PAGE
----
Flick Ohlmsford and his adoptive brother Shea, who is half-elven, are sent on a quest by the mysterious Allanon. They flee a Skull Bearer and travel to the city of Leah, to meet Menion Leah, Shea’s friend. They are to meet Balinor and go on a quest to find the sword of Shannara, which only Shea can now wield in an attempt to finally defeat the Wizard Lord. Elves, a dwarf, a thief, and a rock troll accompany the companions along their journey. A beautiful woman is rescued, by accident. Flick becomes a hero by rescuing a king from the gnomes. The companions are bruised and weary so often, it’s amazing they can continue. But about a third of the way through the book, the pace picks up and you forget about the similarities to Tolkien. When the history lessons are over and the companions are separated, the book really takes off and the characters seem more real. This book was an immediate bestseller, and was worth my time to read, all 726 pages of it. I’d like to know what happens next, so I might read the next book, The Elfstones of Shannara.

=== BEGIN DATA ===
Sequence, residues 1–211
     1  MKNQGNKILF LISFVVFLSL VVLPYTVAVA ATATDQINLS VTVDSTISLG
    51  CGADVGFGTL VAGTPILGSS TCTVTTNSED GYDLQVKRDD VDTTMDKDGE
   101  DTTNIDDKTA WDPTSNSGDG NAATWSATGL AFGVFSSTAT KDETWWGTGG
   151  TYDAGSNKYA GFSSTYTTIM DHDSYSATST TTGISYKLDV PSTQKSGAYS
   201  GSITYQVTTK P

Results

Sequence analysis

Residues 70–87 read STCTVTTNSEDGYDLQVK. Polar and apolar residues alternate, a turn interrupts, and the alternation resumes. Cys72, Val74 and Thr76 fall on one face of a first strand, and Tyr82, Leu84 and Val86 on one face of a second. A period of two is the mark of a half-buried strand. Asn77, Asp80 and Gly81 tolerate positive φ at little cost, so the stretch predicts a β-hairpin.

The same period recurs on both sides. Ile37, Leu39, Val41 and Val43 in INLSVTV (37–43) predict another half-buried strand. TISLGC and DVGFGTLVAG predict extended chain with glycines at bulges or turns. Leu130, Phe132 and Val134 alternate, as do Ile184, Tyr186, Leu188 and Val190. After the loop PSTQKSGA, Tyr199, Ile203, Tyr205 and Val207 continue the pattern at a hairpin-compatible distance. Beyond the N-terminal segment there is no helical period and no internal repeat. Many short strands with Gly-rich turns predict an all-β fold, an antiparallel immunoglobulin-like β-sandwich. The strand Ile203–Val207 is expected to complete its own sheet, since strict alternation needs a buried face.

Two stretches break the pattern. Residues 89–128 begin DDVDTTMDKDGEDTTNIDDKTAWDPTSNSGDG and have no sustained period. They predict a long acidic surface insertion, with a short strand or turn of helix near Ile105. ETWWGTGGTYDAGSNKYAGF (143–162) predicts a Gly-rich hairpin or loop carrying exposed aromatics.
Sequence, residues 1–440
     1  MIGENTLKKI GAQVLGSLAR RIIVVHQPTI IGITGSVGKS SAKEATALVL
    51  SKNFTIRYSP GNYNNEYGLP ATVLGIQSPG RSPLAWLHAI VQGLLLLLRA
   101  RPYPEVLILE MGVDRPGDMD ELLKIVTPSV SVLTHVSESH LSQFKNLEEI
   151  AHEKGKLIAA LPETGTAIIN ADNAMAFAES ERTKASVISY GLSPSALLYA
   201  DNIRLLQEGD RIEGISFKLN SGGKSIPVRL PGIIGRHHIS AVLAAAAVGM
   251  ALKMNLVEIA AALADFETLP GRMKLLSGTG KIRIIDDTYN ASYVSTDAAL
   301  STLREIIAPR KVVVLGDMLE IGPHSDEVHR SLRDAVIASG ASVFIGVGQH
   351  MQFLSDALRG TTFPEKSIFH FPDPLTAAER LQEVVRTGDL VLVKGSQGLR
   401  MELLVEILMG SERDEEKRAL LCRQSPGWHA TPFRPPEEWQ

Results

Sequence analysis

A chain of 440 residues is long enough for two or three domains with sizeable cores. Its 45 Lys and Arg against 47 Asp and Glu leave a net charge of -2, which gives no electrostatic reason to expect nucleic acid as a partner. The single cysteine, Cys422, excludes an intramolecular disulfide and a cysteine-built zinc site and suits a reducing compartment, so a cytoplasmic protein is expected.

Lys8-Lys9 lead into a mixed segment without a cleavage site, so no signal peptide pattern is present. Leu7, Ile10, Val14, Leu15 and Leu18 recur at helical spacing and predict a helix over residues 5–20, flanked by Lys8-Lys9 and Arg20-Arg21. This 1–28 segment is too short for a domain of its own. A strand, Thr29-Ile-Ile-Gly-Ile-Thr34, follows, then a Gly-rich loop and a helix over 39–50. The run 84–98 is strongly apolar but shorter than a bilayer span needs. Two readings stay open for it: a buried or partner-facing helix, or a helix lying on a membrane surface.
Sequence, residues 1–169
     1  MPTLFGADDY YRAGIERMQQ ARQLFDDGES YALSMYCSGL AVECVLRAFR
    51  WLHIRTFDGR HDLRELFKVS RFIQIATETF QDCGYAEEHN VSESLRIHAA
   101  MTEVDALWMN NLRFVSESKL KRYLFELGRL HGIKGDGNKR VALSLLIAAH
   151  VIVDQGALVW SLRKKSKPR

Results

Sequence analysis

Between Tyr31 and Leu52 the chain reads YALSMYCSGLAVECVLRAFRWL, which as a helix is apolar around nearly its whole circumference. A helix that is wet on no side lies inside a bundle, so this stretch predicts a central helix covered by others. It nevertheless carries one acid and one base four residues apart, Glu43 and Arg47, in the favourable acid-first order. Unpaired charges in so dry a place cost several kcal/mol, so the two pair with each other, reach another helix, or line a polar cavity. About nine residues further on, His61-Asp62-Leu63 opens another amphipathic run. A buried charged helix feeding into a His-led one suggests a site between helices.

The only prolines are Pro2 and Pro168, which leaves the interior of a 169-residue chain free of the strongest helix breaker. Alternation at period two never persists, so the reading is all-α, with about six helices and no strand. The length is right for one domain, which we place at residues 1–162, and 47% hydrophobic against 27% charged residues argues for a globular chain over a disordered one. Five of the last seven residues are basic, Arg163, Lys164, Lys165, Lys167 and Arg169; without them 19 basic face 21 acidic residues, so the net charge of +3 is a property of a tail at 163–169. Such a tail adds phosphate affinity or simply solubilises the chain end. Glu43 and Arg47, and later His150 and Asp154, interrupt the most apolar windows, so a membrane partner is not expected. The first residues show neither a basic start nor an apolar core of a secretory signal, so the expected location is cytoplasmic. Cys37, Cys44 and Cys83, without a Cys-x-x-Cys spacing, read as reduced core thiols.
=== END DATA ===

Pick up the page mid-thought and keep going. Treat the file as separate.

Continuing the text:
The Iron Druid Series by Kevin Hearne
A series about the last living Druid who has spent most of his 2,000 years avoiding an angered god by moving constantly and leaving behind everyone he cares about other than a goddess of death may sound dark and gritty. But when the Druid is Atticus O’Sullivan, you’re in for a lot of action, laughs, and tugging of heart-strings. Hounded introduces Atticus and his current life in Tempe, Arizona. He owns a rare book store where he also serves up specialty tea blends to his customers. They don’t know that there’s a bit of magic that makes his Mobili-tea really help with their aches and pains and they certainly don’t know that Immortali-tea has kept him looking like a man in his early 20s for 2,000 years. He’s also been giving the tea to his Irish wolfhound Oberon who he shares a telepathic bond with thanks to Druid bindings. Oberon is a riot and he helps Atticus stay upbeat as well as stay alive in fights. Atticus has learned to treasure life’s small pleasures and he truly cares for the people close to him while he can be with them. He mows the lawn of the widow MacDonagh and looks after her like a dedicated son and her spirit and acceptance when she finds out he’s not just a kind young man help keep him going.